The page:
The other problem we have with the sex industry in Korea is – in the face of how omnipresent it is – the lack of legalization seems to be a harmful factor. Korea has a thriving sex industry, which – whether Korean people want to admit or not – is still happening. Because it isn’t legal, though, it allows for more situations involving people being forced into prostitution, where it instead could foster an environment in which people choosing to go into prostitution could do so under safe conditions. I read about legal brothels which provide testing for STDs for both clients and staff, provide condoms, conduct background checks, have managers rather than pimps, and set up alarm bells for sex workers in the case of a client becoming abusive.
In contrast to controlled environment such as these which would be safer for all parties involved, I’ve read that STDs are on the rise in Korea, which can partly be attributed to a lack of sex education. There are also issues of women from other Asian countries being forced into the sex trade by being promised modelling or waitressing jobs in South Korea, and upon arriving, experience having their passports taken from them by their agents, and in turn are forced into sex work. The point of all of this is, if Korea is going to have such a rampant sex industry which the Korean government is doing nothing to stop, apart from stigmatizing it by outlawing it and protecting nobody from it, the government should at least take steps towards making the industry a safer place for women to work.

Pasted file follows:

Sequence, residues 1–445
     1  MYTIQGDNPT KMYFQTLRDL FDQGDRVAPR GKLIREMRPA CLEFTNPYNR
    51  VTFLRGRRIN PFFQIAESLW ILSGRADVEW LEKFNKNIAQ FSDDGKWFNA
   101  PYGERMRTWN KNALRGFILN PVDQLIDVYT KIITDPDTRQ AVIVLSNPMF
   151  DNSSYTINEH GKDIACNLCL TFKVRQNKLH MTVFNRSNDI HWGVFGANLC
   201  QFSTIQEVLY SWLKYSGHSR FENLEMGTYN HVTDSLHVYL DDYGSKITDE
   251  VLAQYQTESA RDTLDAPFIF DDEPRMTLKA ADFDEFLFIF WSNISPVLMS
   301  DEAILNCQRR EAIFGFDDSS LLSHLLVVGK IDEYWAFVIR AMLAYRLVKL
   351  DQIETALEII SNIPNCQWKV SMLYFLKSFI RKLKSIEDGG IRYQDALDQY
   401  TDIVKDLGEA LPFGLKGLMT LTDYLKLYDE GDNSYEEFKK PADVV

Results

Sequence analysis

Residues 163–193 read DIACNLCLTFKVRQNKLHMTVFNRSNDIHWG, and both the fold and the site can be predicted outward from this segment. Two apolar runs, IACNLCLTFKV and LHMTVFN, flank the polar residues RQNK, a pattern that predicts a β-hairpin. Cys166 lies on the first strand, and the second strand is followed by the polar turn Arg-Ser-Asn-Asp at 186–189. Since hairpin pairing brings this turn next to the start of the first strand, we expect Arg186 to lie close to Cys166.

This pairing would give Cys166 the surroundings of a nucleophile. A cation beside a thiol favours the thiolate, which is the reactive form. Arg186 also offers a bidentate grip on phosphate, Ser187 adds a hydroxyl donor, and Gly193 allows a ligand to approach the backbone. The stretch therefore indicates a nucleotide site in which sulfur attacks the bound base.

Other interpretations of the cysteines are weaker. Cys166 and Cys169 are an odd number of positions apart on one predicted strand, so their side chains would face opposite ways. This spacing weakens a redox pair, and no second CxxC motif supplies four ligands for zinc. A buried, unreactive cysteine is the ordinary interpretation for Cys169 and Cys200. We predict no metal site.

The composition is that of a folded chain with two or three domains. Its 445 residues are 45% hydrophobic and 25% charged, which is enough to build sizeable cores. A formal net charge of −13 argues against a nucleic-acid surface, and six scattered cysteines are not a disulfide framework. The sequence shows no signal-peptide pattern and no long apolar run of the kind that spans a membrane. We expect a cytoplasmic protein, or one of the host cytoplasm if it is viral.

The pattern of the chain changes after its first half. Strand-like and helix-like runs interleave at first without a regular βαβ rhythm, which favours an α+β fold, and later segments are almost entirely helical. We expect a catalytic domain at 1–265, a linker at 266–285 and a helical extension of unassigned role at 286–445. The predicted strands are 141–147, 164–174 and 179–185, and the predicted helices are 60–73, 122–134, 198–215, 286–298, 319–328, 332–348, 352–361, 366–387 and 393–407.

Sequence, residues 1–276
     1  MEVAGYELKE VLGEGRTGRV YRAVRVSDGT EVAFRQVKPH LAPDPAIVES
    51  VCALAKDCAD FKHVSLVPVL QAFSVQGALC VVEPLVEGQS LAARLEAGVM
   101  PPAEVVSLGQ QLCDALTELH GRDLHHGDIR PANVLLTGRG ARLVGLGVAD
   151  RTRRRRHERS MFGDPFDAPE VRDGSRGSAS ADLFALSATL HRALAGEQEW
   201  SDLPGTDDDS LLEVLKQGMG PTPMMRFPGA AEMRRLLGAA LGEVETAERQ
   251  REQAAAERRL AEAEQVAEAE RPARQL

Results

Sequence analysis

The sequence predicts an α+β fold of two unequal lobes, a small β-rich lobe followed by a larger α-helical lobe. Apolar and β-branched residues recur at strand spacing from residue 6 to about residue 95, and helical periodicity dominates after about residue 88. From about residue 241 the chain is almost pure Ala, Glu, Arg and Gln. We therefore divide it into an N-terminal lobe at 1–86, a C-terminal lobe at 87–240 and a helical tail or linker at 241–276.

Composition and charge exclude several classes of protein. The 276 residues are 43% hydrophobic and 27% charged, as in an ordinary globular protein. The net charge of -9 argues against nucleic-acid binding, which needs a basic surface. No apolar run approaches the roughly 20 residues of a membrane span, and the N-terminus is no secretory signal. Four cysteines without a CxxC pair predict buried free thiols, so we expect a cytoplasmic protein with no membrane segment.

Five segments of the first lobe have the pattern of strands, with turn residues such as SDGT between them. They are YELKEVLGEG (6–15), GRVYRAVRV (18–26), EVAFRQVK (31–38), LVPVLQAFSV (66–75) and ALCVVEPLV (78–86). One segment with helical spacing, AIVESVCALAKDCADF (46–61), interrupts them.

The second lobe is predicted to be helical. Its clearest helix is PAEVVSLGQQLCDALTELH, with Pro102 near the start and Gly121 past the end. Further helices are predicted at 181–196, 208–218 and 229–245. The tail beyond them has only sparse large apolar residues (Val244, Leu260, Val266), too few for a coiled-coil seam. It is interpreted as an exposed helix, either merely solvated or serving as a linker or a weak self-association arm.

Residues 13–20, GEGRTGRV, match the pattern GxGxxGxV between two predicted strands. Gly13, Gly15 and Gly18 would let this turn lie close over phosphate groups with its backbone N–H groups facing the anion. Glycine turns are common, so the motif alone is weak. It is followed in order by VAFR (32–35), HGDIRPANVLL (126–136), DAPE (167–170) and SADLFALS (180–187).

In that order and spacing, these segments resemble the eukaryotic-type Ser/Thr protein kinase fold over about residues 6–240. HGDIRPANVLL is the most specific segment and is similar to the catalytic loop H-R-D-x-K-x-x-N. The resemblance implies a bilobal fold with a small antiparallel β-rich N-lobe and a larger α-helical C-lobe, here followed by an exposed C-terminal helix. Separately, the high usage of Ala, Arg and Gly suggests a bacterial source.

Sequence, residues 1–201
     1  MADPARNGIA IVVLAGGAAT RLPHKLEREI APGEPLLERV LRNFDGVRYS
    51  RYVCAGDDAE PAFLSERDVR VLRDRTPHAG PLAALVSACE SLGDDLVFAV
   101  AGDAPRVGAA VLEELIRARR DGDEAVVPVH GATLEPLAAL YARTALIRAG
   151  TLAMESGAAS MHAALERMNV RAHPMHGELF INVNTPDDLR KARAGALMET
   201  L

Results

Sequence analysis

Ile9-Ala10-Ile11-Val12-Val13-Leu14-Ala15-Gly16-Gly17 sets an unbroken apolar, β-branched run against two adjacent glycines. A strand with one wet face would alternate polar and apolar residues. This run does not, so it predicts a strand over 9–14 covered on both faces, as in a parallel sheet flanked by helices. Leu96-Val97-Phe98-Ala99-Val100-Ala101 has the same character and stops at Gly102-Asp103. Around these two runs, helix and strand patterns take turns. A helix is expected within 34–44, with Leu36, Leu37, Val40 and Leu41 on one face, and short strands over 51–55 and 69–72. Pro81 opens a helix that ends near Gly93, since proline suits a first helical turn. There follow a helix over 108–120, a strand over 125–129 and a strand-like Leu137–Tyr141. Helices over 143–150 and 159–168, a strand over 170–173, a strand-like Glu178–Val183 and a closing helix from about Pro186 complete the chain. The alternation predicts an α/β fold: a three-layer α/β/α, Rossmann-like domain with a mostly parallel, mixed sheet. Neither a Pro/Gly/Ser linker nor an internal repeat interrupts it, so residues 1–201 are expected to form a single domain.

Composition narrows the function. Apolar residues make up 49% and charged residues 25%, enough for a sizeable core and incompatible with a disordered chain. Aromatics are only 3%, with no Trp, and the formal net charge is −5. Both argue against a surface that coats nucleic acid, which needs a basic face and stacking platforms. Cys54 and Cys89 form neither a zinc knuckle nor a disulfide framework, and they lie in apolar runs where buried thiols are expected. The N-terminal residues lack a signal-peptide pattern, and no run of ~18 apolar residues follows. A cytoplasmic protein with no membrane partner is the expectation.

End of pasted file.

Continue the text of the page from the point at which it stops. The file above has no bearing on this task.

No? I don’t know. It’s a big topic to discuss. It’s a big industry, and the implications go beyond what’s happening in South Korea. I’m sure we’re going to get some people defending Korea and saying prostitution isn’t big here at all, it’s illegal and the law is strongly upheld, that they don’t know anyone who pays for sex, and it’s just Americans who come here to pay for sex and not Koreans, yada yada yada. We don’t know what to say to that, really, apart from basically pointing to what we’ve read and what we’ve seen, as well as what we’ve heard from our Korean friends who have opened up to us about the matter. Also, doing this topic was very worrisome for us, because we know that the topic of sex-working is a sensitive topic for some, and so we apologize if we used language here that people find offensive. We’re not up to date with the terminology and theories on the subject. We’re not passing judgment on anyone here. What we were only trying to do is to show how widespread prostitution is here in Korea, and how silly it is to pretend that it doesn’t exist.